Drawings made with human-like actions are more attractive
New research by psychologists and computer scientists supports a theory that the brain prefers artworks that appear to have been created with natural, human-like movements.
A dominant theory in the psychology of art suggests that ‘action painting’ is considered beautiful not just because of its content or composition, but because it vividly conveys the effort and dynamics of the actions that the artist performed in making it.
Yet a connection between drawing actions and appreciation for their outcome had not previously been confirmed in a scientific study.
Across four studies led by Dr Rebecca Chamberlain – a neuroscientist specialising in how we create and respond to art – researchers at Goldsmiths, University of London explored the links between the type of movements artists and non-artists found natural and found appealing.
The team used artificially-generated complex line drawings designed to resemble graffiti tags, as an essential characteristic of graffiti is the mastering of very rapid and fluid drawing movements. Participants were not told the series of videos and images of drawing movements were computer-generated when they were asked to make judgements about their naturalness and aesthetic value.
The first studies were conducted with participants who did not have any art expertise – they were recruited from a pool of students not enrolled on courses related to art.
The results, published in the British Journal of Psychology, indicate that human-like drawing movements were perceived as more natural and pleasant than movements with a uniform profile. The more natural a movement was seen to be correlated with how much people preferred it.
Another study explored whether the speed of a movement determined approval. The results clearly showed that it did not matter if movements were fast or slow, but people preferred drawing actions that comply with the biological constraints of human movement: if it looked produced artificially, it was not as appealing.
One further experiment found that line drawings with visual features consistent with the dynamics of natural, human-like movements (so lines that were thicker in some places and thinner than others) were preferred, but only by art students, not those without art expertise.
[Two examples of line drawings generated with natural, left, and unnatural, right, movement models. The research team's manipulations of line thickness correspond to the way in which paint or ink accumulates on the surface when an artist performs a drawing movement]
The study was a collaboration between researchers in the Department of Computing and the Department of Psychology at Goldsmiths. Professor Frederic Fol Leymarie and Dr Daniel Berio provided the computational model of drawing movements used in the psychological experiments.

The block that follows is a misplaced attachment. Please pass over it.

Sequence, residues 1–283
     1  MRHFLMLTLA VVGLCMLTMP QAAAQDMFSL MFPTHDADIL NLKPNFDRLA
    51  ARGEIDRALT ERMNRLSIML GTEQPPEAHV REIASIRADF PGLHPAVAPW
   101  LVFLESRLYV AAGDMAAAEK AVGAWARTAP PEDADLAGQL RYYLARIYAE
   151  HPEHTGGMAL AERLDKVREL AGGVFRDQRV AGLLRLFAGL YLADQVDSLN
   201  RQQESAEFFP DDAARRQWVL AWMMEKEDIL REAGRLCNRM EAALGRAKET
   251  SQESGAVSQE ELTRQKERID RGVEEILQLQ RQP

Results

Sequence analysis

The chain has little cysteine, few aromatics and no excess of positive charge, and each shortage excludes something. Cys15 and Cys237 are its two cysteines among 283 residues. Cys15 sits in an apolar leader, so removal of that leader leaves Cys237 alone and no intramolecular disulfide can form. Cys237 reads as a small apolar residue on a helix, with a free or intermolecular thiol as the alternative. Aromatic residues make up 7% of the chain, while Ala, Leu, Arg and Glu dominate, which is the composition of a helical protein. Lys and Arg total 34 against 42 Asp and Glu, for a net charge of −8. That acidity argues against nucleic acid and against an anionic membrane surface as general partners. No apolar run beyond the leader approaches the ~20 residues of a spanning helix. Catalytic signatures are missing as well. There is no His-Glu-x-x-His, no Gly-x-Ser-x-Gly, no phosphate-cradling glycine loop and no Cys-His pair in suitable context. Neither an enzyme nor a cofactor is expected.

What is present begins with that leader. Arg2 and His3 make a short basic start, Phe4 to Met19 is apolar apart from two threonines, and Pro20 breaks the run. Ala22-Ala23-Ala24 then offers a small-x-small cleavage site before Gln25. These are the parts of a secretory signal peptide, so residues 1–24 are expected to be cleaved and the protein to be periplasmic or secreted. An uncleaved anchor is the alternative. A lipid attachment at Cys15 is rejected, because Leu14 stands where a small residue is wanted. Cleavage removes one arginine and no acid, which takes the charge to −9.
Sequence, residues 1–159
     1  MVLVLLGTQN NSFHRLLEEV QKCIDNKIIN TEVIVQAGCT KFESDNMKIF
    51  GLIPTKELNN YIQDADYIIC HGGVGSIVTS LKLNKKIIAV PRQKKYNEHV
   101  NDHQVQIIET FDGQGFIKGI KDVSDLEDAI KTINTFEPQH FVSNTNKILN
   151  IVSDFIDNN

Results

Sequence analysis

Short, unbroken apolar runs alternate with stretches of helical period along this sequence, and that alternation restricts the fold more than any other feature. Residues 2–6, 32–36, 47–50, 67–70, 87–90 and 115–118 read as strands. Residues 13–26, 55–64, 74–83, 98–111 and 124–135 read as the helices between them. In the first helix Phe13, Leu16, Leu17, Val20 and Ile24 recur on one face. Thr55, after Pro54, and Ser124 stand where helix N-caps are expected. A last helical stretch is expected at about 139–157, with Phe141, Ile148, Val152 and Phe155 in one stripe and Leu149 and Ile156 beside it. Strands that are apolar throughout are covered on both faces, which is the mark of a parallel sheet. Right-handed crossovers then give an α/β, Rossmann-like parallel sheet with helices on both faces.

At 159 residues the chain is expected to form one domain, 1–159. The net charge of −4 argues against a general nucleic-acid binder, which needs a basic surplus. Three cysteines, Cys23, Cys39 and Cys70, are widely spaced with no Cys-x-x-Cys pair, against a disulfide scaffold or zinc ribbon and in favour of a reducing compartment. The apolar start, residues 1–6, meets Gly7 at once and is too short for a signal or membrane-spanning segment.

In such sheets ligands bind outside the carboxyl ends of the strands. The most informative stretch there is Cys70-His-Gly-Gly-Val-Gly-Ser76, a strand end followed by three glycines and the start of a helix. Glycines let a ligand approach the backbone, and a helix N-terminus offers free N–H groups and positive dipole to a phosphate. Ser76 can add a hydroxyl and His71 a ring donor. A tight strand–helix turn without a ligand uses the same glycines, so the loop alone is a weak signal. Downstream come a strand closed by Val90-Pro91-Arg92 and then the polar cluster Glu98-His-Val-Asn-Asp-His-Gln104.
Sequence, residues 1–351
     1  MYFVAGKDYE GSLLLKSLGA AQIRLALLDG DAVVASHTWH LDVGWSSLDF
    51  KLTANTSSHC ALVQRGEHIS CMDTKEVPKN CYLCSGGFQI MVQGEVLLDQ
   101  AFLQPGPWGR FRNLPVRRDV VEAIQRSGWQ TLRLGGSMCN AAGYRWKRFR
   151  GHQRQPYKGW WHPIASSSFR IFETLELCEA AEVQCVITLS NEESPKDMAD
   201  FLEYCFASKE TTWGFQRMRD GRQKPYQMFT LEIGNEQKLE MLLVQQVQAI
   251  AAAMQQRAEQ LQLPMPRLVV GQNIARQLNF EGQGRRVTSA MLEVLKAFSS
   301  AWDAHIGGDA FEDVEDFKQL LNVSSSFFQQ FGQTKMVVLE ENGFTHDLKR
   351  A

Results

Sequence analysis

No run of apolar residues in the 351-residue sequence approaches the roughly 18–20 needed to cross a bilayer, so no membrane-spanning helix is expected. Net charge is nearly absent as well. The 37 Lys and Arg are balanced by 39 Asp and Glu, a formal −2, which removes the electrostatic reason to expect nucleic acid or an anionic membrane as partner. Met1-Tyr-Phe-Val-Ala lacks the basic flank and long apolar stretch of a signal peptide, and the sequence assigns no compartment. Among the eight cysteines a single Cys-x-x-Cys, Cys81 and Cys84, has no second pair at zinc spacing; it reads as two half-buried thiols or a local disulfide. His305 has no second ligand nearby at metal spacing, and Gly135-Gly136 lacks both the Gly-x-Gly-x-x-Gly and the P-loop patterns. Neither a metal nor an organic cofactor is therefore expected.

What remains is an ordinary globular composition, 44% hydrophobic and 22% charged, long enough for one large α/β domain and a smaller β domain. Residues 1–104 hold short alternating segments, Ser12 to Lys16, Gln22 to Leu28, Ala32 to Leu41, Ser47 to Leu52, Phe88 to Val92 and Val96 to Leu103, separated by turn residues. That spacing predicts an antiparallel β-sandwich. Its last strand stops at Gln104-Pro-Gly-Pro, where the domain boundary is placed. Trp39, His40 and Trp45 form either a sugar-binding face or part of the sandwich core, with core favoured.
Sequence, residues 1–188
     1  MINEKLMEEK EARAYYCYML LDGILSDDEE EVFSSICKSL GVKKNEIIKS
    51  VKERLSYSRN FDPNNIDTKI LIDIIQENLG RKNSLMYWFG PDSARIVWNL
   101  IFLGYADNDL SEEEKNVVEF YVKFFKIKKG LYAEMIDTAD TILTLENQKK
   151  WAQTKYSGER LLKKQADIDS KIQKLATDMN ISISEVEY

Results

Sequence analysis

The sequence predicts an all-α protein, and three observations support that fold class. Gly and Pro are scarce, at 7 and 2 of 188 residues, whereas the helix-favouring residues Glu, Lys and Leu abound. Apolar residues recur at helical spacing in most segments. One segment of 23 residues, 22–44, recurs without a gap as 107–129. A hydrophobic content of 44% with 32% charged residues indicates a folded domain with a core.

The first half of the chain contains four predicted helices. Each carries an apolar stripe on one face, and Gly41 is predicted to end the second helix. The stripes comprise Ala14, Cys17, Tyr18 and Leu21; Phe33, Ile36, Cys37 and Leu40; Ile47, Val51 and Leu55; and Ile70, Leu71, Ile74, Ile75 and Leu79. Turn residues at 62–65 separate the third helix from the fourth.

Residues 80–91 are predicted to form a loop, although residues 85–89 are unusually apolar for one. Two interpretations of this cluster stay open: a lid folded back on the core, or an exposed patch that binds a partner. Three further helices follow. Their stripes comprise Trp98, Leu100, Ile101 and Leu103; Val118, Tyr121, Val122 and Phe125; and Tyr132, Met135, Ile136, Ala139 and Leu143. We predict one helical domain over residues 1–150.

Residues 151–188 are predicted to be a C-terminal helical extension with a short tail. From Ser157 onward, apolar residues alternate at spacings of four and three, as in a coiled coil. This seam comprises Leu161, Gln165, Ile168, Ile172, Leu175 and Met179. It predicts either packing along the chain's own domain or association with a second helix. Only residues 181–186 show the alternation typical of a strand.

Dr Rebecca Chamberlain said: “Our findings suggest a preference for artworks with kinematics that signal the presence of a human agent. This study directly links the aesthetics of human action to the visual aesthetics of drawings, but also highlights the importance of incorporating artistic expertise into embodied accounts of aesthetic experience.
“I’d argue that the extra training that artistic experts have allows them to engage more with the underlying creative process behind a drawing or a painting and this leads them to like it more. We’ve seen similar findings in the research on dance, where experts are better at telling the emotion behind a particular dance move, because they have performed the movement themselves.”
Professor Leymarie’s research focuses on creativity and AI systems, including robots which can perform with artistic skills similar to expert humans.
He said: “For a few decades, early results in psychology and neuroscience research have indicated that humans respond to calligraphic traces, whether written, drawn or painted, by linking the aesthetics – their appreciation of the artist’s skill - to ‘plausible generative kinematics’ or whether they could have drawn it themselves.
“You see a drawing, a graffiti, a signature, and you assume immediately a generative movement - your brain becomes more active in its motor areas, as if you were doing the movement yourself. This is an indication of how the real and the imaginary are closely linked.
“In this publication we report the first experimental results showing the intricacies of such a theory of human aesthetics based on calligraphic examples. It’s a really important contribution to theories of aesthetics, and the linking of body and mind as one.”
'A dot that went for a walk: People prefer lines drawn with human-like kinematics' by Rebecca Chamberlain, Daniel Berio, Veronika Mayer, Kirren Chana, Frederic Fol Leymarie, and Guido Orgs was published in the British Journal of Psychology on 24 August 2021: https://doi.org/10.1111/bjop.12527